Maybe that will help you :)
The closest relatives of English are Scots (not Scottish, which is unquestionably a dialect of English) and Frisian. Frisian is spoken at the North Sea coast of the Netherlands and Germany. Frisian as spoken in the Netherlands can in some respects be considered a dialect of Dutch.
In order of decreasing similarity to English: English dialects (including Scottish), Scots, Frisian, Afrikaans, Dutch, German, Yiddish. In Afrikaans one can actually find artificial sentences that are spelled exactly like English and have the same meaning. Example: "My hand is in warm water." Only the pronunciation differs slightly. The Dutch version is still very similar: "Mijn hand is in warm water."
"Hallo, meneer de Uil Waar brengt je ons naar toe? Naar Fabeltjesland? Eh, ja: naar Fabeltjesland. En leest je ons dan voor uit de Fabeltjeskrant? Ja, ja: uit de Fabeltjeskrant. Want daarin staat precies vermeld Hoe het met de dieren is gesteld. Echt waar? Echt waar. Echt waar, mijnheer De Uil? Mmm mmm... Want dieren zijn precies als mensen Met dezelfde mensen-wensen En dezelfde mensen-streken Dat komt allemaal in de krant van Fabeltjesland, van Fabeltjesland. "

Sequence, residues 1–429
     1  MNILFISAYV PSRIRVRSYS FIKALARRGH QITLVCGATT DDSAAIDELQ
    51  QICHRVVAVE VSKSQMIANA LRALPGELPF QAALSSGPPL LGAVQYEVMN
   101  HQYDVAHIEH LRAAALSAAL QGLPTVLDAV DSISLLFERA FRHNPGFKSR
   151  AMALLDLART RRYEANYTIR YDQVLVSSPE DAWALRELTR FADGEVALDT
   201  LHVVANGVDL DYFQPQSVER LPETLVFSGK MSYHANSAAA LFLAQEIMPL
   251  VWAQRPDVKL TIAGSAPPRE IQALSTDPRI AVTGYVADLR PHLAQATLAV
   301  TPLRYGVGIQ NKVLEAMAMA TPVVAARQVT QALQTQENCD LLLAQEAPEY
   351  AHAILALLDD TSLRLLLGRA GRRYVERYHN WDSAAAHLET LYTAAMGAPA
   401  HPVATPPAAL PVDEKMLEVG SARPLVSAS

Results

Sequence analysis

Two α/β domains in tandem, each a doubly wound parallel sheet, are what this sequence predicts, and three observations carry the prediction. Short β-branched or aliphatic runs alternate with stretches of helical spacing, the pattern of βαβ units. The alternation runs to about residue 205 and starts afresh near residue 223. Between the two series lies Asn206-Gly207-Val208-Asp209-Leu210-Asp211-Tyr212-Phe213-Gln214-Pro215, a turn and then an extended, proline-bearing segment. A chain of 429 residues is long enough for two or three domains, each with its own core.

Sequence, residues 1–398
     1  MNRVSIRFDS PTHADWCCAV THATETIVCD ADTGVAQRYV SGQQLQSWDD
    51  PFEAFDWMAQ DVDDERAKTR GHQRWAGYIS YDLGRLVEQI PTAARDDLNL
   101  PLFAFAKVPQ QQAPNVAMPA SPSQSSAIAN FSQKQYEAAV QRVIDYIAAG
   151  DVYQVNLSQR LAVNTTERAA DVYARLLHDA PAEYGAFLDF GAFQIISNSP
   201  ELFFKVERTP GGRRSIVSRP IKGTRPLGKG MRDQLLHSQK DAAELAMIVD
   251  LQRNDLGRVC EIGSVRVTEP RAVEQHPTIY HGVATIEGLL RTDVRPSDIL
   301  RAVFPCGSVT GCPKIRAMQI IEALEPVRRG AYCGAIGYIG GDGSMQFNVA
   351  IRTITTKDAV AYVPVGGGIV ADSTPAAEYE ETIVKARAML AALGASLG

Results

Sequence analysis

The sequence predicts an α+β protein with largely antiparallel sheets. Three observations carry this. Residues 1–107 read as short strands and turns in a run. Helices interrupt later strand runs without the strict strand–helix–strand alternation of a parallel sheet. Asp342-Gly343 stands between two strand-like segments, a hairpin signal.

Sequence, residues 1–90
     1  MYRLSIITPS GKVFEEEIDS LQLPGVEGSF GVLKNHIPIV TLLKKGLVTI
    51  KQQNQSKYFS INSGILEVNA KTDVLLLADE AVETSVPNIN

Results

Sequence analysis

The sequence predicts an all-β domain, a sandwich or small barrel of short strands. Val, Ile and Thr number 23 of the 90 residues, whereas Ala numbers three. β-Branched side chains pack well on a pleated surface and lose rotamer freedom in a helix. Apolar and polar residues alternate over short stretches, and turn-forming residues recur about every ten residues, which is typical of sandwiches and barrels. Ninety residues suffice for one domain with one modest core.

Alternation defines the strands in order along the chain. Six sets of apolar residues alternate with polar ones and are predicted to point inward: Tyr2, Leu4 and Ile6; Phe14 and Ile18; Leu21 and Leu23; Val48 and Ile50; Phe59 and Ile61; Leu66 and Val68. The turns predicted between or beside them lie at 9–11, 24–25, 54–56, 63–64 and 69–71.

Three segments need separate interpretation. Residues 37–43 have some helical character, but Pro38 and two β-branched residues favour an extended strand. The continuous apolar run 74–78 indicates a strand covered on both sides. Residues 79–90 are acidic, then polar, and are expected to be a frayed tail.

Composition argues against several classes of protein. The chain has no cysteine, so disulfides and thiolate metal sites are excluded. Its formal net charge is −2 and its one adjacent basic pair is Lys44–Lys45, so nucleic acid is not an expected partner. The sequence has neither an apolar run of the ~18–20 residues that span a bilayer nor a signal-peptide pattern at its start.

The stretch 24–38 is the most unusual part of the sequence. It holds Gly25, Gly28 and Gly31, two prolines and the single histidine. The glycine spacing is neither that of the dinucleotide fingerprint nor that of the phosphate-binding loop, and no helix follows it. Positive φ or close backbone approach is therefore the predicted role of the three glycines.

"Hello, mister Owl Where are you taking us? To Fables land? Eh, yes: Fables land. And will you read to us from the Fable Newspaper? Yes, yes: from the Fable Newspaper? Because there it's stated exactly How the animals are doing. Really? Really. Really, mister Owl? Mmm mmm. For animals are just like people With the same people's wishes. And the same people's tricks. That's all printed in the newspaper of Fables land. Of Fables land!"
De Fabeltjeskrant was a children's TV series from the 1960-s, 1970-s and 1980.s, presented by Meneer de Uil (Mr. Owl), who would read the daily news to the children from his copy of the Fabeltjeskrant, the daily newspaper. Try whether you can follow its opening song. < https://www.youtube.com/watch?v=1c84T7KT-xs >